A new electric bus prototype doesn’t just pick up passengers at its bus stops; it also picks up a charge for its battery.
Unlike its public transportation contemporaries, the electric “Aggie bus” at Utah State University has no overhead wires. Nor does it need to be plugged into a power source. Instead, the battery receives a five-kilowatt wireless boost from a charge plate installed at each bus stop. With consistent routes and frequent stops, the bus is able to charge as it goes rather than requiring a big battery on board to stockpile an entire day’s worth of power.
UPDATE: Today (Tuesday) the FCC voted to pass the net neutrality regulations mentioned toward the bottom of this post. The rules include the provisions that wireless and traditional Internet be treated separately, and generally made everyone unhappy. However, expect a fight in Congress to either overturn the rules or strip the FCC of its authority in this sphere.
Behind closed doors, wireless providers are talking about a future that’s a net neutrality advocate’s worst nightmare.
Last week the tech companies Allot Communications and Openet, which provide products for large carriers like AT&T and Verizon, demonstrated new products in a web seminar, some details of which have leaked out. The PowerPoint slides detail a plan to monitor your online behavior and charge you for your use of certain applications. For example:
In the seventh slide of the … PowerPoint, a Vodafone user would be charged two cents per MB for using Facebook, three euros a month to use Skype and $0.50 monthly for a speed-limited version of YouTube. But traffic to Vodafone’s services would be free, allowing the mobile carrier to create video services that could undercut NetFlix on price. [Wired]
We brought you the good. It’s time for the bad.
Two weeks ago the Federal Communications Commission approved the opening of the “white spaces”—unused frequencies between the TV channels that became available when TV converted to digital. There’s certainly cause to be excited: This could lead to “super wi-fi,” or “wi-fi on steroids.” The new range is in a lower frequency than current wi-fi, which could allow it to penetrate walls and travel longer distances than our current networks, and it can be used without a license.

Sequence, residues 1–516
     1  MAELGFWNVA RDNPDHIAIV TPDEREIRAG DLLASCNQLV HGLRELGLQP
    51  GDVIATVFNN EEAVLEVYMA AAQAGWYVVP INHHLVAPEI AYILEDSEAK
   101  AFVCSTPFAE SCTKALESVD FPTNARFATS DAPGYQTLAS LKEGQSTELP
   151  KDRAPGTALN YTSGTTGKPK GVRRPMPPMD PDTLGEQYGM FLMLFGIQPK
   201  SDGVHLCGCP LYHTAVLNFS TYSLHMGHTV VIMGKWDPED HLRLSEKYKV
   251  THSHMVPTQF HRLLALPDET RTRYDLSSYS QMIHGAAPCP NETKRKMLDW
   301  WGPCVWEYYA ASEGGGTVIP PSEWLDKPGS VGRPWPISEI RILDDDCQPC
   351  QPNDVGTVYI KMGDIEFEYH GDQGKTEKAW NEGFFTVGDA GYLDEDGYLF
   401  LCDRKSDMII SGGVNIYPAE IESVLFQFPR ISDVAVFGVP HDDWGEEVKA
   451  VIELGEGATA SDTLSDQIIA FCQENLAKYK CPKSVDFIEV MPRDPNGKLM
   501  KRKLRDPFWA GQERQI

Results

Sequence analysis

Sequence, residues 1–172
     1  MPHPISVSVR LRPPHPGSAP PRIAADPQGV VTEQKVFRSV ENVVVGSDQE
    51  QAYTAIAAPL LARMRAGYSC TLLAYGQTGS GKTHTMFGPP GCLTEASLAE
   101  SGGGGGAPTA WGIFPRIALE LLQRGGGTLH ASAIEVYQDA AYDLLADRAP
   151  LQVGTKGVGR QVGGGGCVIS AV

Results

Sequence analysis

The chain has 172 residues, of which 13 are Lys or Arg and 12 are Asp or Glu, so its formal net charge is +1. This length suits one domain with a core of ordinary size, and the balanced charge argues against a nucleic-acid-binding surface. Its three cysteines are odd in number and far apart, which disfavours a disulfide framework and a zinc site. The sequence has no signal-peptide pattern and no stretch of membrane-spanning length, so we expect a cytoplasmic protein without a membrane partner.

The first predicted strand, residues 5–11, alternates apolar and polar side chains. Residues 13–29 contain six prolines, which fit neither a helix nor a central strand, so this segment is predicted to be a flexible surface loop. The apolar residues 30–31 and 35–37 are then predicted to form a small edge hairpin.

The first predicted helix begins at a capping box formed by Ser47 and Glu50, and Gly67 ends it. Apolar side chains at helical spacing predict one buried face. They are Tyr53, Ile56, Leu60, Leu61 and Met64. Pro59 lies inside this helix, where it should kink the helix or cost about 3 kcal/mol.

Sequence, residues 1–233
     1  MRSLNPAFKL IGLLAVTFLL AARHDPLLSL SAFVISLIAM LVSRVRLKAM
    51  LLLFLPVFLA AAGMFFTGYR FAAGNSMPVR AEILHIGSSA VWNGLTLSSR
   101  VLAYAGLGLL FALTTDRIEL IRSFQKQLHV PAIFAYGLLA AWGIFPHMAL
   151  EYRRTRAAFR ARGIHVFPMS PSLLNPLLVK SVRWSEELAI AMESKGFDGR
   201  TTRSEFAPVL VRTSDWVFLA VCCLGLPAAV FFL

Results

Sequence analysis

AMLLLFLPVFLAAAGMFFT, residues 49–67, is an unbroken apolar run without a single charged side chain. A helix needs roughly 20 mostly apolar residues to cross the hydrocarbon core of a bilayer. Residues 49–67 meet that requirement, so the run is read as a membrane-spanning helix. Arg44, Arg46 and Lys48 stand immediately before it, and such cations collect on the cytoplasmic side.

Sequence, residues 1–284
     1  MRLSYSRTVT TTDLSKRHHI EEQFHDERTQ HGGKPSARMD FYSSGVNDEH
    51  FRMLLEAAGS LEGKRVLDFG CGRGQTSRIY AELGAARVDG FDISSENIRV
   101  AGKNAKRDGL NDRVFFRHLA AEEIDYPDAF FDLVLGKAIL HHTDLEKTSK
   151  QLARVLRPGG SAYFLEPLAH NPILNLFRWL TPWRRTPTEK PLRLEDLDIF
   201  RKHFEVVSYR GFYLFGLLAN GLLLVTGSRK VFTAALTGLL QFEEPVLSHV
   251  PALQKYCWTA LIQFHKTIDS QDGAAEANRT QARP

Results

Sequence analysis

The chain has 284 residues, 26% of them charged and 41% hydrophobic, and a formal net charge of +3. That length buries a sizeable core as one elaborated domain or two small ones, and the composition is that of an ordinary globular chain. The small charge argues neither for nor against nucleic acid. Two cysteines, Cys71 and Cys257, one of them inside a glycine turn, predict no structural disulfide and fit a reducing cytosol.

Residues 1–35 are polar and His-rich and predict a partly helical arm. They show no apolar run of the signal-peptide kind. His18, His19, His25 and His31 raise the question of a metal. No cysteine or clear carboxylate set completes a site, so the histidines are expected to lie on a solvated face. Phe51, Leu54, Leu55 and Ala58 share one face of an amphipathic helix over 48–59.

But there are also plenty of challenges that could keep super wi-fi from being super, at least in the short run.
1. It’ll be clogged up in the city
I spoke this afternoon to Mubaraq Mishra from UC-Berkeley, who studies all kinds of angles about how the white spaces will be used. The first problem, he says, is that while these newly opened areas could greatly improve Internet speeds in rural areas, people packed into cities won’t see as much benefit.
Mishra’s analysis of white space availability versus population density shows the Internet speed difference clearly. There are relatively few people scattered across Nebraska, and so relatively few TV channels, which means less bandwidth to which TV signals possess priority access. But in New York there are lots of people and lots of TV channels, meaning there will be high demand for the few white spaces available. “The raw availability will just be a lot lower in Manhattan,” Mishra says.
There may never have been this many people this excited about white space.
Today the commissioners of the Federal Communications Commission agreed to the rules that will allow unlicensed use of the empty space between TV channels (available now that TV has gone totally digital), and opens the door to super wi-fi networks whose reach could be measured in miles.
Unlike current Wi-Fi airwaves, whose reach can be measured in feet, the spectrum that would carry Super Wi-Fi would be able to travel for several miles because of that lower frequency. Through brick walls, even—something your Linksys really struggles with. [Gizmodo]